PORTLAND, Ore. (KOIN) — Portland police have released a graphic video showing an officer shoot a man who later died on Thursday in the Lloyd District.
The man, who has only been identified as a white male, was shot and killed by an officer who had been sent to do a welfare check alongside paramedics just after 7 p.m. at the motel on the 500 block of Northeast Holladay Street, authorities said. The man was taken to a local hospital but died from his injuries.
On Friday, police released a graphic 45-second video of the shooting. It shows a handful of law enforcement officials standing next to an outdoor stairwell, presumably at the Motel 6, where a man is sitting. The officers are seen suddenly retreating as the man gets up and advances toward them, holding an object. An officer appears to fire his weapon and the man falls to the ground.
Officers released an image of a weapon recovered from the scene.
The PPB has not disclosed the complete timeline of events, saying that information is still being gathered. The officer who shot the man has been identified as an 18-year veteran of the PPB, Curtis Brown. Brown has been placed on standard administrative leave.
The man who was shot has been identified but officials say they haven’t been able to locate relatives so they aren’t publicly naming him yet.
“While the investigation is still in its early stages, and releasing evidence at this point is rare, providing this video is critical to combat misinformation being spread,” said PPB Chief Chuck Lovell. “Transparency and community trust are extremely important to us, but so is a full, complete, and thorough investigation. This illustrates how important it is to allow the investigation process to unfold before spreading unverified information. An officer use of deadly force is among the most important investigations that we do, and it’s crucial that we take the time to do it right.”
In a statement to KOIN 6 News, a spokesperson with the Office of Portland Mayor Ted Wheeler said the mayor would learn more about the shooting during a briefing later Friday.
“It’s unfortunate when a call for service ends this way,” the spokesperson said in a statement. “Members of the Mayor’s staff were on the scene soon after the incident occurred, and have been in frequent conversations alongside the Mayor with Chief Lovell and others at the Portland Police Bureau.”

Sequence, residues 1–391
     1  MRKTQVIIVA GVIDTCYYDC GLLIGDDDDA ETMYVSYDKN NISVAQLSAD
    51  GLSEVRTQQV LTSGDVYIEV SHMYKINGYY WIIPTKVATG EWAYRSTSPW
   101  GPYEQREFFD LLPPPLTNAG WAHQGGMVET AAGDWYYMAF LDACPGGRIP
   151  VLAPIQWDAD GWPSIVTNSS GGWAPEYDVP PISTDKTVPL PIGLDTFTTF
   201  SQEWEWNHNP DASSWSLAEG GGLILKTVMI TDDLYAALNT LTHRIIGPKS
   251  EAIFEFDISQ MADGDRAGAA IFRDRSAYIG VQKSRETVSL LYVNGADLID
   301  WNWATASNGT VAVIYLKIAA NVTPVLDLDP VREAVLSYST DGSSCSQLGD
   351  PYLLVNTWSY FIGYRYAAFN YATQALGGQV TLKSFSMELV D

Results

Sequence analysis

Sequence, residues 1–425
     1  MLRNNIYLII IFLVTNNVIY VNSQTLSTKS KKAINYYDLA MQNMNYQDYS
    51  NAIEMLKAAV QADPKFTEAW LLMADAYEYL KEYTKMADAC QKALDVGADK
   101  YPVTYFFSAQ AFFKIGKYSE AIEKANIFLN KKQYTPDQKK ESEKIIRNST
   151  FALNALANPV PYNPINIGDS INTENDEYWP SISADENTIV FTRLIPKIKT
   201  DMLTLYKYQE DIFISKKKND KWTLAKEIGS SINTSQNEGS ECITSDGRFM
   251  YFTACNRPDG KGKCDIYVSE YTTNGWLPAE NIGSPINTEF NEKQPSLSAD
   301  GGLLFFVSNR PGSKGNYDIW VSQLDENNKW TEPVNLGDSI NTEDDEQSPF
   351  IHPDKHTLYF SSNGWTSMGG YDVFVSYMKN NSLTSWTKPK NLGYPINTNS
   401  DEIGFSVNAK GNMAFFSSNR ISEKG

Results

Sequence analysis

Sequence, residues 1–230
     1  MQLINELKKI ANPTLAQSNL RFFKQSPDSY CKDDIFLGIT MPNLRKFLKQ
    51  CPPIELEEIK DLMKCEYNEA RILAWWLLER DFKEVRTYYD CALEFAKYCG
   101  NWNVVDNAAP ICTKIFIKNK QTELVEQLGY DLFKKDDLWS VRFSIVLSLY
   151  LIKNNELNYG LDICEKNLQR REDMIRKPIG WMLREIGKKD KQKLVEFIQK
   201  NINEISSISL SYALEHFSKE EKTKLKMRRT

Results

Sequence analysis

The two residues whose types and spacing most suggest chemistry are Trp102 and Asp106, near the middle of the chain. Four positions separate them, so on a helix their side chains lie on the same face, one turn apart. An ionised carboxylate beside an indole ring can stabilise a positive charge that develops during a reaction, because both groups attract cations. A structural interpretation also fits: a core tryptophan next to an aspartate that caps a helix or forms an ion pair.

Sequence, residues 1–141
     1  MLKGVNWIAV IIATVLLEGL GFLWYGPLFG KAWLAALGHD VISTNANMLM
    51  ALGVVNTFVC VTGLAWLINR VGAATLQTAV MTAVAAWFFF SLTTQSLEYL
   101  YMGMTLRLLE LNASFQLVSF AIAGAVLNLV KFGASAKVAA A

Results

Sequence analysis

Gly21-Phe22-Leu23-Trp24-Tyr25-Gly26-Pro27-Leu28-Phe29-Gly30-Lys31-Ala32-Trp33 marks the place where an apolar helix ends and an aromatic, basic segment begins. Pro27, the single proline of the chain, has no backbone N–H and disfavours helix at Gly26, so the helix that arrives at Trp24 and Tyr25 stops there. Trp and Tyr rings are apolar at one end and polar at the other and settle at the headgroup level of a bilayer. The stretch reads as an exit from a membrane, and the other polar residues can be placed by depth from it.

On Friday, Commissioner Jo Ann Hardesty — who has been critical of PPB in the past — said this shooting is an example of why the new Portland Street Response Team needs to be sent to these type of calls instead of police.
“We’re sending the wrong people as first responders, and it’s really important that we send the right responders to the right situation,” Hardesty said. “Someone in crisis should never be killed because they’re not doing what they’re told to do.”
Mayor Wheeler, however, said police are trained in de-escalation and said they now have a homeless liasion.
“We’re definitely seeing more people in crisis on our streets,” the mayor said. “This is an elevated issue, to make sure that our officers have the resources, tools and training and support that they need in certain types of situations.”
A group of protesters clashed with investigators and other officers who responded to the scene Thursday evening. Portland police said a protester grabbed an officer’s baton, and when another officer stepped in, that officer “was sprayed with a chemical.”
The tires of at least one Portland police vehicle were punctured and a window was broken as well, according to police.
Chief Lovell said in a Friday statement that Portland police had to request the help of the Multnomah County Sheriff’s Office and Lake Oswego police to answer 911 calls since so many PPB officers were needed to secure the crime scene as protesters gathered.
See the full statement below: